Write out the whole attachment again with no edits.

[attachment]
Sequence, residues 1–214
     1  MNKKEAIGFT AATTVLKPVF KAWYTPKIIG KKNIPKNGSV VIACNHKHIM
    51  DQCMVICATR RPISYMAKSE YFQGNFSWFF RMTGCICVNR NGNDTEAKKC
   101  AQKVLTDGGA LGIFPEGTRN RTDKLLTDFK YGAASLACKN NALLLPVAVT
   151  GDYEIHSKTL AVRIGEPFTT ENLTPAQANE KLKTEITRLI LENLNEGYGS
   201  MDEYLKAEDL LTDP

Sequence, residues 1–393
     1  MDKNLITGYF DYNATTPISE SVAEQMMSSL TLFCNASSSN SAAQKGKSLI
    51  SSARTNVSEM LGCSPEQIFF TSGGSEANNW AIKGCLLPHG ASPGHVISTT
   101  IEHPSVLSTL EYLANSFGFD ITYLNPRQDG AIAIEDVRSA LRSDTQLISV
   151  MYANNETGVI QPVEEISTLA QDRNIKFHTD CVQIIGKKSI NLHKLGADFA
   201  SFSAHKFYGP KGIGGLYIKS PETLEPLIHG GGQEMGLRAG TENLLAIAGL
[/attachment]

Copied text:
Sequence, residues 1–214
     1  MNKKEAIGFT AATTVLKPVF KAWYTPKIIG KKNIPKNGSV VIACNHKHIM
    51  DQCMVICATR RPISYMAKSE YFQGNFSWFF RMTGCICVNR NGNDTEAKKC
   101  AQKVLTDGGA LGIFPEGTRN RTDKLLTDFK YGAASLACKN NALLLPVAVT
   151  GDYEIHSKTL AVRIGEPFTT ENLTPAQANE KLKTEITRLI LENLNEGYGS
   201  MDEYLKAEDL LTDP

Sequence, residues 1–393
     1  MDKNLITGYF DYNATTPISE SVAEQMMSSL TLFCNASSSN SAAQKGKSLI
    51  SSARTNVSEM LGCSPEQIFF TSGGSEANNW AIKGCLLPHG ASPGHVISTT
   101  IEHPSVLSTL EYLANSFGFD ITYLNPRQDG AIAIEDVRSA LRSDTQLISV
   151  MYANNETGVI QPVEEISTLA QDRNIKFHTD CVQIIGKKSI NLHKLGADFA
   201  SFSAHKFYGP KGIGGLYIKS PETLEPLIHG GGQEMGLRAG TENLLAIAGL